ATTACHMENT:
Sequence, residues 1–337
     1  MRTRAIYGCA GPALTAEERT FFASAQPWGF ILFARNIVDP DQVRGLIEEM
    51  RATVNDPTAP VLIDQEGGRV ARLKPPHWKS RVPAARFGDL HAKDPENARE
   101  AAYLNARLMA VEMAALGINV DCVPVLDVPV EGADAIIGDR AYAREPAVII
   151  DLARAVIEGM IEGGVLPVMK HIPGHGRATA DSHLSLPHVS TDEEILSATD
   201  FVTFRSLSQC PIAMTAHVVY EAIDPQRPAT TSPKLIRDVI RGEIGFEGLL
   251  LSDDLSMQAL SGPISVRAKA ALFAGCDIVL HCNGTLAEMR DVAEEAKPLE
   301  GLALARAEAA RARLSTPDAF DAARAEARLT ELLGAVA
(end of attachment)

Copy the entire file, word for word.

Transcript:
Sequence, residues 1–337
     1  MRTRAIYGCA GPALTAEERT FFASAQPWGF ILFARNIVDP DQVRGLIEEM
    51  RATVNDPTAP VLIDQEGGRV ARLKPPHWKS RVPAARFGDL HAKDPENARE
   101  AAYLNARLMA VEMAALGINV DCVPVLDVPV EGADAIIGDR AYAREPAVII
   151  DLARAVIEGM IEGGVLPVMK HIPGHGRATA DSHLSLPHVS TDEEILSATD
   201  FVTFRSLSQC PIAMTAHVVY EAIDPQRPAT TSPKLIRDVI RGEIGFEGLL
   251  LSDDLSMQAL SGPISVRAKA ALFAGCDIVL HCNGTLAEMR DVAEEAKPLE
   301  GLALARAEAA RARLSTPDAF DAARAEARLT ELLGAVA